ATF's Phoenix office started tracking people they suspected of being
straw purchasers - that is, people who used their own clean
backgrounds to buy weapons for criminal groups.
But in December that year, Drug Enforcement Administration agents in
Phoenix realized they and the ATF were targeting the same person,
Manuel Celis-Acosta, in separate investigations.
ATF agents viewed Celis-Acosta as the ringleader of a growing group
of straw buyers monitored in Operation Fast an Furious, a man who
would make requests for firearms and provide the money to buy them.
DEA agents said he had also come up in a drug-trafficking case they
were working on in Phoenix using a wiretap.
ATF and DEA agents met in Phoenix on Dec. 15 that year to discuss
their investigations and emerged with an agreement to cooperate in
the wiretap probe. What ATF didn't learn is that the men Celis-Acosta
answered to were the Miramontes brothers from the El Paso area, says
a memo by Issa and Grassley, who are leading a congressional
investigation into Operation Fast and Furious.
In a March 14, 2012, letter to Issa and Grassley, the attorney for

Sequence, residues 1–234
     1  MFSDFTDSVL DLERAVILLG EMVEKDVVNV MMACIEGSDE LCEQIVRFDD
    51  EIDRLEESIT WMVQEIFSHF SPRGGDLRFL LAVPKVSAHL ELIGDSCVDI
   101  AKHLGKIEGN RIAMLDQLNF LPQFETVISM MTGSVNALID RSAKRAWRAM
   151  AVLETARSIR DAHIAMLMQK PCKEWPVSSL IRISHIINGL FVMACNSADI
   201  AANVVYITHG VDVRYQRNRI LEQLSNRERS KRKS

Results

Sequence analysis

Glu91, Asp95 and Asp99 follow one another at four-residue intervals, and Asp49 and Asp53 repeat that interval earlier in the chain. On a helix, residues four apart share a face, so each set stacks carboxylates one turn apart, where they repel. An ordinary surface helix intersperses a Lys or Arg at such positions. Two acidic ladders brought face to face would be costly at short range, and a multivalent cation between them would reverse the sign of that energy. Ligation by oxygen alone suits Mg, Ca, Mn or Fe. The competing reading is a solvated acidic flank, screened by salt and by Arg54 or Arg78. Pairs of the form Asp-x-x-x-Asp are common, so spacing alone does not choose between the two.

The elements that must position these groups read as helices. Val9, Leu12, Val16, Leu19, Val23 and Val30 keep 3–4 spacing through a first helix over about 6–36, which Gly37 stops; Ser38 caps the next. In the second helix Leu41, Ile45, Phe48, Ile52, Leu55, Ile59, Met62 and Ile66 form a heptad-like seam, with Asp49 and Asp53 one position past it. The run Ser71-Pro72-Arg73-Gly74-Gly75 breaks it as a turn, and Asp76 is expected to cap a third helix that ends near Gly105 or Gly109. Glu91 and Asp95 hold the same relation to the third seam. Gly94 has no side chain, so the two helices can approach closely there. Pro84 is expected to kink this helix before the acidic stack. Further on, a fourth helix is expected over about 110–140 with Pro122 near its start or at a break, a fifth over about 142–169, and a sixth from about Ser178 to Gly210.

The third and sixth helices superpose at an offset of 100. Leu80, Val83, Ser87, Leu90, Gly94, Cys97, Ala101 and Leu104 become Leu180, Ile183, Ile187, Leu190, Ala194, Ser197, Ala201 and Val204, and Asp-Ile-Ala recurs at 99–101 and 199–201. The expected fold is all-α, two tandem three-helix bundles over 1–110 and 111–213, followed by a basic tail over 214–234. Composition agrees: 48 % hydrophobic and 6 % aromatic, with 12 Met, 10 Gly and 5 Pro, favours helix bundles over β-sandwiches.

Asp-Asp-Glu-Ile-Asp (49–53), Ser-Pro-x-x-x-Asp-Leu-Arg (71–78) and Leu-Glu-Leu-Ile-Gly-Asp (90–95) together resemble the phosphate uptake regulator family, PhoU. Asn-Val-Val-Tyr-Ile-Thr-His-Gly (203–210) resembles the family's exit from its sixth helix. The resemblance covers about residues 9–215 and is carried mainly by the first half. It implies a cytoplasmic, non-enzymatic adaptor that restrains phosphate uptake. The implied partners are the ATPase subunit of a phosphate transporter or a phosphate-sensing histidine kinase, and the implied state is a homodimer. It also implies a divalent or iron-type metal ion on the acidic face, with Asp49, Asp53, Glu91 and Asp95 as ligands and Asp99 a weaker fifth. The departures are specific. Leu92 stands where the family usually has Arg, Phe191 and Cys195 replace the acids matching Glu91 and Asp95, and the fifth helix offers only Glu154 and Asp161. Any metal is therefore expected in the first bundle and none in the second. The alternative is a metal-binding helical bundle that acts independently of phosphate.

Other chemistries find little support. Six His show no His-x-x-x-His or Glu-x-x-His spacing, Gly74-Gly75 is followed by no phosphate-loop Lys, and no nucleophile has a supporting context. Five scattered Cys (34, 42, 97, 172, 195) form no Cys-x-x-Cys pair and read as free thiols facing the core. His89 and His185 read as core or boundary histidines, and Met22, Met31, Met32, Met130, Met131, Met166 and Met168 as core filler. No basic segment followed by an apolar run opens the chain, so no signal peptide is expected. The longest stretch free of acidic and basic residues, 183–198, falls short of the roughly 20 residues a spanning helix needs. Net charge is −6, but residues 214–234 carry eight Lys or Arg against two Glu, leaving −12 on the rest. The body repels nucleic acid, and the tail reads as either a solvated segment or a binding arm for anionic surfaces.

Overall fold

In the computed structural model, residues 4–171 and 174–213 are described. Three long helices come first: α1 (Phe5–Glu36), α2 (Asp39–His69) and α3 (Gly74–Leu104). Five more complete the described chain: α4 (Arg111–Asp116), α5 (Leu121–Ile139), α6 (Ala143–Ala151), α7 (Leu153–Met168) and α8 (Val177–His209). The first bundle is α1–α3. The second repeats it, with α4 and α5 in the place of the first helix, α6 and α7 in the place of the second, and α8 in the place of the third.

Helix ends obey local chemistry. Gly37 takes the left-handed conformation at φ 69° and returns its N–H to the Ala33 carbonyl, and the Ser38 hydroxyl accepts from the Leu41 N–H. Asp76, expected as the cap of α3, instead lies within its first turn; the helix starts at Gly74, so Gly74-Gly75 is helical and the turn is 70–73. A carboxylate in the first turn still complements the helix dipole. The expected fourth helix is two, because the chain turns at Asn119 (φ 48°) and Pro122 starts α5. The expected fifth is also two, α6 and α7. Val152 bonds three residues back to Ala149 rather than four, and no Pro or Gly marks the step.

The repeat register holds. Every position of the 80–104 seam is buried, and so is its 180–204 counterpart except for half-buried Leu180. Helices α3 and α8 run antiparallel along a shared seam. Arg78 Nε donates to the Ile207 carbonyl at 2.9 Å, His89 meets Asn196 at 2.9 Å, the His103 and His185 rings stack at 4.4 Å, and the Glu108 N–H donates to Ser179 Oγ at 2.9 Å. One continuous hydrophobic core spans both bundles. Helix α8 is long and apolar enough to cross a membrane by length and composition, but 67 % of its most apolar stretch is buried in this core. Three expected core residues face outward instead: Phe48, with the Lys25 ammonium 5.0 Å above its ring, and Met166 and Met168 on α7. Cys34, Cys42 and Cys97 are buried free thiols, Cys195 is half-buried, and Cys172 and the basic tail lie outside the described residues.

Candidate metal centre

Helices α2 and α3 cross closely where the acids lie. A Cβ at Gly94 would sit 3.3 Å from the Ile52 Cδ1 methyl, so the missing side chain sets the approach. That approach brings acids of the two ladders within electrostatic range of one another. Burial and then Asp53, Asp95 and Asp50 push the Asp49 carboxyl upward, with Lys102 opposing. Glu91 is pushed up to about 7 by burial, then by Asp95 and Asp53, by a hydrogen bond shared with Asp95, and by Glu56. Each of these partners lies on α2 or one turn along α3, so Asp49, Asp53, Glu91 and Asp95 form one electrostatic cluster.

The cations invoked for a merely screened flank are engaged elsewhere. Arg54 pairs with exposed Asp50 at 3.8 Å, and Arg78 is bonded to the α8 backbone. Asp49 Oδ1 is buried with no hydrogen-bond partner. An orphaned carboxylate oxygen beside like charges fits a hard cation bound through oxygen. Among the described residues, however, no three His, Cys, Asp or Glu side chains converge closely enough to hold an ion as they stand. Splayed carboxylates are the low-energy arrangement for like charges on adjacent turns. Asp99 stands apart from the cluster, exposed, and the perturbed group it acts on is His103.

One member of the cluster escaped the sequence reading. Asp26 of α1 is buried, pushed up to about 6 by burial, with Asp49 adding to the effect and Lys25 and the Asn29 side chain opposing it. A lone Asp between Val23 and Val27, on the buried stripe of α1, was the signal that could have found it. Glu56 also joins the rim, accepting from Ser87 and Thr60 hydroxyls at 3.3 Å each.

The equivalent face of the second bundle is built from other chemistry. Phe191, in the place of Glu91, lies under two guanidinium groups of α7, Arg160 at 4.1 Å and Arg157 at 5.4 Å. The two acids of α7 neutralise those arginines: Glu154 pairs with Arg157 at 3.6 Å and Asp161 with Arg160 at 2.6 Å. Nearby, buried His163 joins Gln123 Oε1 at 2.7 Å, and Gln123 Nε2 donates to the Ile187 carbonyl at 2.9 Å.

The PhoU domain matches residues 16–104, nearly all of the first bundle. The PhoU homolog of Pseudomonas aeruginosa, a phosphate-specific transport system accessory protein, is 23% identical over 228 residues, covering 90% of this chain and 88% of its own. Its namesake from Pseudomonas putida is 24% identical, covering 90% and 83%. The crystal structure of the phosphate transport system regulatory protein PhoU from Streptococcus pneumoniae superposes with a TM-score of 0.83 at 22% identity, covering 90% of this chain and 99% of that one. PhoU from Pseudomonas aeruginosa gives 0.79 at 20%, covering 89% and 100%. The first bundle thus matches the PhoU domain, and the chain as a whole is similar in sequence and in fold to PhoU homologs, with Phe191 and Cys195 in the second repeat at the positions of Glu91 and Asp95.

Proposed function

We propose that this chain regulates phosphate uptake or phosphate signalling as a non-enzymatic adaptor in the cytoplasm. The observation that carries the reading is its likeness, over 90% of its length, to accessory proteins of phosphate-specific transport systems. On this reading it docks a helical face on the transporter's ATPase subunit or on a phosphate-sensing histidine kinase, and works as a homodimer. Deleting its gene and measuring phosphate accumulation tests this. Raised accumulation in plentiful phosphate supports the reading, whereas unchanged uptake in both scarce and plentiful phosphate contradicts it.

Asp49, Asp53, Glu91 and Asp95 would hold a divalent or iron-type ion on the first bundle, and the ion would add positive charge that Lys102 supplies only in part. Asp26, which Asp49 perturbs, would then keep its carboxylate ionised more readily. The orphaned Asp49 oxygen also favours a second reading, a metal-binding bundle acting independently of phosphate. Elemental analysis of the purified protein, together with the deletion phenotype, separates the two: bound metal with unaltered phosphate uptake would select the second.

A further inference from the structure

David Voth, the ATF supervisor who oversaw the operation, alleges
that DEA deliberately withheld that connection at the Dec. 15, 2009,
DEA did "inform the FBI of that link, but neither the DEA nor the FBI
informed the ATF of that link," wrote attorney Joshua Levy.
Neither FBI nor DEA spokespeople responded to requests for comment.
As it was, ATF agents didn't learn the identity of Celis-Acosta's
superiors, the Miramontes brothers, until they indicted Celis-Acosta
and brought him in for questioning in January 2011. The news dismayed
James Needles, then the assistant special agent in charge of ATF's
Phoenix office, described the discovery that their targets were FBI
informants as "a major disappointment," says the memo by Issa and
Celis-Acosta is fighting the charges against him as well as the
disclosures made by the congressional investigation, said his
attorney, Adrian Fontes.
"Congressman Issa and Senator Grassley would rather score political
points than uphold the principles of the Constitution," Fontes said.
In the border region, such overlapping investigations are common, as
an alphabet soup of agencies - ICE, FBI, CBP, DEA, ATF, etc. -
investigate drug traffickers, people smugglers, gun runners and money
launderers, say present and retired federal agents.